Their common interest brought them closer together. Garcia was always at their house; he dined there almost every day, observing Maria Luisa’s character and her life, as her moral solitude became more obvious. The solitude only seemed to double her charms. Garcia began to notice that he felt uneasy when she appeared, when she spoke, when she was silently working by the window, or playing some sad tune on the piano. Softly, slowly, love entered his heart. When he realized what was happening he tried to blot it out, so there should be nothing other than friendship between him and Fortunato: but he couldn’t. All he could do was shut it in; Maria Luisa saw both the affection and the silence, but she didn’t let it show.

At the beginning of October something happened that made the young woman’s situation even clearer to Garcia. Fortunato had started studying anatomy and physiology, and spent his spare time poisoning cats and dogs and cutting them up. As the animals’ squeals unnerved the patients, he moved his laboratory to their house, and his wife, with her nervous disposition, had to put up with them. One day, however, unable to bear it any longer, she went to Garcia and asked him, as a favour to her, to get her husband to stop these experiments.

‘But you yourself…’

Maria Luisa replied with a smile:

‘Of course, he’d say I’m a child. What I want is form you, as a doctor, to tell him that it’s doing me harm; and it is, believe me …’

Garcia easily got Fortunato to give up these studies. If he continued them elsewhere, nobody found out; maybe he did. Maria Luisa thanked the doctor, for her own sake and that of the animals, for she couldn’t bear to see suffering. She coughed from time to time; Garcia asked if there was anything wrong with her; she said no.

‘Hold out your wrist.’

‘There’s nothing the matter.’

She didn’t give him her wrist, and left the room. Garcia felt concerned. On the contrary, he thought, maybe there was something wrong, and her husband ought to be warned in time.

Two days later – just the day we first came across them, in fact – Garcia went there to dine. In the parlour, they told him Fortunato was in the study, and he headed that way; as he got near the door, Maria Luisa was coming out, in distress.

‘What is it?’ he asked.

‘The mouse! the mouse!’ the young woman exclaimed in a stifled voice, leaving hurriedly.

Garcia remembered that, the day before, he’d heard Fortunato complaining about a mouse that had chewed some important piece of paper; but he was far from expecting what he saw. He saw Fortunato sitting at the table, in the middle of the study, on which he had placed a saucer filled with alcohol. The burning liquid flickered. Between his thumb and index finger he held a piece of string, tied round the mouse’s tail. In his right hand he held a pair of scissors. At the moment Garcia came in, Fortunato cut one of the mouse’s legs off; then he lowered the poor beast into the flame, quickly, so as not to kill it, and started to do the same with the third leg; he’d already cut one off. Garcia stopped in his tracks, horrified.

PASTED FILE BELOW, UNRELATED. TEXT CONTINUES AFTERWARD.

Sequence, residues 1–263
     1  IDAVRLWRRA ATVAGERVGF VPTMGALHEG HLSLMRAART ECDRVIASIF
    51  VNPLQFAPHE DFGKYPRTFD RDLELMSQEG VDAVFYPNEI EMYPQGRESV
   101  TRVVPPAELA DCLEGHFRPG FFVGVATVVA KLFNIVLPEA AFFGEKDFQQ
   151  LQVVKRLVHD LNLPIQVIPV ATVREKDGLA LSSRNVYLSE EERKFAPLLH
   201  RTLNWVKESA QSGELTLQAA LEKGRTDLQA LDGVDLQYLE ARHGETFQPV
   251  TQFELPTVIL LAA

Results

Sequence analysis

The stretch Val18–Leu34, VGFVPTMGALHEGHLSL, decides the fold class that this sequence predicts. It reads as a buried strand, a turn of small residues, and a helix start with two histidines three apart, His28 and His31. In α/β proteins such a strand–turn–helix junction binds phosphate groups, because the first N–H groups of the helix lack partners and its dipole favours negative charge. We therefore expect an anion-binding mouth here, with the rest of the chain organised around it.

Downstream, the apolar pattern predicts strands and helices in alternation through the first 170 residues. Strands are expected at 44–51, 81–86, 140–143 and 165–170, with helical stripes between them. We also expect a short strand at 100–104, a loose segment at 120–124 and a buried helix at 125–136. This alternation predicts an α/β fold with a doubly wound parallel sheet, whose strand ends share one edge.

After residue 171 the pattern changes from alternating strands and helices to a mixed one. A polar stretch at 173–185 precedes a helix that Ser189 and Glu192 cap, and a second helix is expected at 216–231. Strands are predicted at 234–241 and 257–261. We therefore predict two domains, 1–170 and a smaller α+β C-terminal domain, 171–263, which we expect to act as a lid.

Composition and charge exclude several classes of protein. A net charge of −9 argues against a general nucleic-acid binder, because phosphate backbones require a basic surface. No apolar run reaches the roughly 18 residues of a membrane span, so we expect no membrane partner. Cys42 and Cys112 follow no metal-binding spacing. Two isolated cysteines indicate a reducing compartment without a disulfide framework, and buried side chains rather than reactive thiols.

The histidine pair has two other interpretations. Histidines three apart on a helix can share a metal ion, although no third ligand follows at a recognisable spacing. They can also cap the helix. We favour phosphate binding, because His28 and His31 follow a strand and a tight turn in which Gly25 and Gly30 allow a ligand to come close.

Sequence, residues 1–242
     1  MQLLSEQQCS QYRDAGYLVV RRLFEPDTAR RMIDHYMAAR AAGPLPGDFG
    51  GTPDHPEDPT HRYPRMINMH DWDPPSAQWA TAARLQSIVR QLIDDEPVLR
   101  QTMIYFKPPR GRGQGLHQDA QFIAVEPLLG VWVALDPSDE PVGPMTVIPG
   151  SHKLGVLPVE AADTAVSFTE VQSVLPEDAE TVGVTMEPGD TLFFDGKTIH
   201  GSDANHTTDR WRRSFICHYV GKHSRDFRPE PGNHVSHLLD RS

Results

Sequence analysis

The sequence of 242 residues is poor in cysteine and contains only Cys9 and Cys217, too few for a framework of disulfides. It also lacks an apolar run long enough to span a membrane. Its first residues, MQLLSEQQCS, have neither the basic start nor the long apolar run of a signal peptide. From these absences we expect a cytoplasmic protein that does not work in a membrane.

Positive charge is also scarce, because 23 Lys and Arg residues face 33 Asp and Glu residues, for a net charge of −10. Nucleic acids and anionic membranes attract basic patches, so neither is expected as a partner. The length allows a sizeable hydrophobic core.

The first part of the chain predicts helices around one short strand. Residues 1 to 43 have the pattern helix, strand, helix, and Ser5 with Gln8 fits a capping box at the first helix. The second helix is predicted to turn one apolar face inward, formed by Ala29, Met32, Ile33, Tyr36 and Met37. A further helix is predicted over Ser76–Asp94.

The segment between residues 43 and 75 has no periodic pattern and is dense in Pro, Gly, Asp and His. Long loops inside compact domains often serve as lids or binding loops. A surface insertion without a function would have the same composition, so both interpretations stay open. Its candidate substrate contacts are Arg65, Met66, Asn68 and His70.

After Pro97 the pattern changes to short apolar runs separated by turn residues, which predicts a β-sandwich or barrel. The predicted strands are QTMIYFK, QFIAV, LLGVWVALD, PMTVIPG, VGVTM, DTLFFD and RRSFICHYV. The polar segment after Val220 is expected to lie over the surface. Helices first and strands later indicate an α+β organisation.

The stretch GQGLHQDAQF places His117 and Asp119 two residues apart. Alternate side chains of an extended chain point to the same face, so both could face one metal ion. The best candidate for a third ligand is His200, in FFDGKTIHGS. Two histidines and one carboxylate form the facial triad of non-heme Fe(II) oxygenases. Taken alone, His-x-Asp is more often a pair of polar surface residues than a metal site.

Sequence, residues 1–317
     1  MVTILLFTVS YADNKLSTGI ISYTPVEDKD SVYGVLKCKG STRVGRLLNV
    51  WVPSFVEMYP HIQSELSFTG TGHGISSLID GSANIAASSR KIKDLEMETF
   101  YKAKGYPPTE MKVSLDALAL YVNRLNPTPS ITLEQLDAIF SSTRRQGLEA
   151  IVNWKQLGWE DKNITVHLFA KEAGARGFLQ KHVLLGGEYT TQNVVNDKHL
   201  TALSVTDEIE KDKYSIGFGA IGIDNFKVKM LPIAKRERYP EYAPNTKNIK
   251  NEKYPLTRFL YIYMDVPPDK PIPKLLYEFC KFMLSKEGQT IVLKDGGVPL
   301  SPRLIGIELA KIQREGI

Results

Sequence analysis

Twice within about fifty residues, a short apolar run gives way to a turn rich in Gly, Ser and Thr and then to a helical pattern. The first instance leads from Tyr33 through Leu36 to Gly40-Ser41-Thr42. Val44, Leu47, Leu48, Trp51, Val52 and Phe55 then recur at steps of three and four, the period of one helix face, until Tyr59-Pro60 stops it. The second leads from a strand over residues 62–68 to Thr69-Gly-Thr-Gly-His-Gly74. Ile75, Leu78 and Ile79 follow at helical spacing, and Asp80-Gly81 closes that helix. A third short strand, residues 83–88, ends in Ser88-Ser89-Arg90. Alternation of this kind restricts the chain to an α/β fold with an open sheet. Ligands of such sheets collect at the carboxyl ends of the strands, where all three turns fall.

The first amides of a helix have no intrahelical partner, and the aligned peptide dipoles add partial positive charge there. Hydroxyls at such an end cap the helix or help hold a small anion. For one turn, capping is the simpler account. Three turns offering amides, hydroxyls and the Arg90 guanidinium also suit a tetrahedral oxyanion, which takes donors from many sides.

‘Kill it at once!’ he said.

‘Any minute now.’

And with an inimitable smile, the true reflection of a contented soul as it savoured inwardly the most delicious of sensations, Fortunate cut the third leg off the mouse, and for the third time lowered it into the flame. The miserable animal twisted this way and that, squealing, bleeding, scorched, and still it didn’t die. Garcia averted his eyes, then looked again, and held out his hand to stop the torture, but he couldn’t, because this man, with the radiant serenity of his features, inspired fear. There was one leg left; Fortunato cut it very slowly, following the scissors with his eyes; the leg fell off, and he stopped to look at the half-dead mouse. As he lowered it for the fourth time to the flame, he did it deftly, so as to save, if possible, any shred of life.

Garcia, facing him, managed to control his disgust at the spectacle and observe the man’s expression. No anger, no hatred; just a vast pleasure, quiet and profound; what you might get from hearing a beautiful sonata, or looking at a perfect piece of sculpture – something like a pure aesthetic sensation. It seemed to him, rightly, that Fortunato had completely forgotten he was there. If that was true, he couldn’t be play-acting – this was the real thing. The flame was dying, the mouse might possibly have a little life left in it, the shadow of a shade; Fortunato turned it to good account by cutting off its nose and again lowering the flesh to the fire. Finally, he let the body drop into the saucer, and pushed the mixture of blood and burned skin away.